Wednesday, April 29, 2009
Thank you everyone out there who let me know that Friday's writing prompt made you really think about hands. One person told me about scars, another said that when she looked at her hands she saw her grandmother's, and that made me think about grandmothers. Normally, when we think about our grandmothers, we have warm loving feelings about someone who is generous with her love and forgiving of our faults. My grandmother was like that; her name was Clara and she's the one who named me. I love my name! But grandmothers are also someone we have special names for. We called ours, Gramma--a nice soft name, a name filled with affection.
So I started thinking about my grandmother's name, and then I thought suppose she'd had a different name. Suppose her name was Ruby or Priscilla or Helga. Well, they are perfectly good names, but would one of those names make her a different sort of grandmother?
Hattie meets her only grandmother for the first time in Hill Hawk Hattie. Her grandmother's name is Hortensia Holmes Greymoor, which Hattie thinks makes a windy hollow sound in her mouth. No surprise that Hortensia insists (in a frosty tone, a chilling voice) that Hattie call her, "Grandmother", enunciating all the syllables in a very formal way.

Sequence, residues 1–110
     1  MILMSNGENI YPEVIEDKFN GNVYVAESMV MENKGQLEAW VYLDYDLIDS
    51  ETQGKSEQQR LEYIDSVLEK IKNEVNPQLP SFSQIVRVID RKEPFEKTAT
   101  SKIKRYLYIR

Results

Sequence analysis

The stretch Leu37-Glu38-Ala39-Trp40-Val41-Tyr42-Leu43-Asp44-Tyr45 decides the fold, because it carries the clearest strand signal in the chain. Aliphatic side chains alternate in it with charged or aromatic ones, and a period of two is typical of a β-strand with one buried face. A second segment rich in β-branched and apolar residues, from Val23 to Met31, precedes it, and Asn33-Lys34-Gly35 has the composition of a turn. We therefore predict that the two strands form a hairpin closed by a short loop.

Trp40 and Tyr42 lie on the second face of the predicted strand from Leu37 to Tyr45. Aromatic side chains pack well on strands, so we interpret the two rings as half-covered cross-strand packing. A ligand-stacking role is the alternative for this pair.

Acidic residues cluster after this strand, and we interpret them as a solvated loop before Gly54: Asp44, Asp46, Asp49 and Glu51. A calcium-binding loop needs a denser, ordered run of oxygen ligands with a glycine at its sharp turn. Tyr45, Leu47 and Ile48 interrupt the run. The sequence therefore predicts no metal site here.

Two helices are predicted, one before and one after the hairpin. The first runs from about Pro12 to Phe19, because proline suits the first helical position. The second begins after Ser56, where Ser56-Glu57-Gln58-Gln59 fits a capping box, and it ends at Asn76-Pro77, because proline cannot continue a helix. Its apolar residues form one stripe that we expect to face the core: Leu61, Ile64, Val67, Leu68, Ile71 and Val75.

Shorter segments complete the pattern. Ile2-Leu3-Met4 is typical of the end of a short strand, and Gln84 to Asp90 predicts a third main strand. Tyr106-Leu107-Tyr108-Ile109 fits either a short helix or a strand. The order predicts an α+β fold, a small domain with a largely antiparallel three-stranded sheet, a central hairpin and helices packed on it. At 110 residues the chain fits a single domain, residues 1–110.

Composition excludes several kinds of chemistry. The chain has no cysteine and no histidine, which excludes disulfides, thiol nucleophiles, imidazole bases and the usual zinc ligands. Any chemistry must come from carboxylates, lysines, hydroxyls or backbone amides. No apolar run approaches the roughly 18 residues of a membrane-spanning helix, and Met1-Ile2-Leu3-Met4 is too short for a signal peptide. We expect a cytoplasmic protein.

But lots of grandmothers are called by other names. Would Ruby want to be called Granny? Helga would definitely want to be called Grandmutter. One of my favorite and surprising names for a grandmother is in the book Midnight Blue by Pauline Fisk. You know what sort of grandmother she is as soon as her granddaughter refers to her as "Grandbag". I love that name. It makes me laugh every time I read it--the name not the grandmother.
So here's your writing prompt:
Part A: Come up with a delicious list of 5 first names and then decide what would be the appropriate Grandmother name for that person.
Part B: Okay now you have your list. Pick one or two of the names and write a paragraph describing what that grandmother is like--notice her hands, too. Don't forget to use your senses, use at least four--touch, sound, sight, and smell. We often associate smell with grandmothers--camphor or moth balls or peppermint or the smell of cookies baking, maybe your very favorite kind because you are going to see her. To all of that add a good dose of love and whimsy!
Stay tuned for the very important BOOK REVIEW on Friday. Happy writing!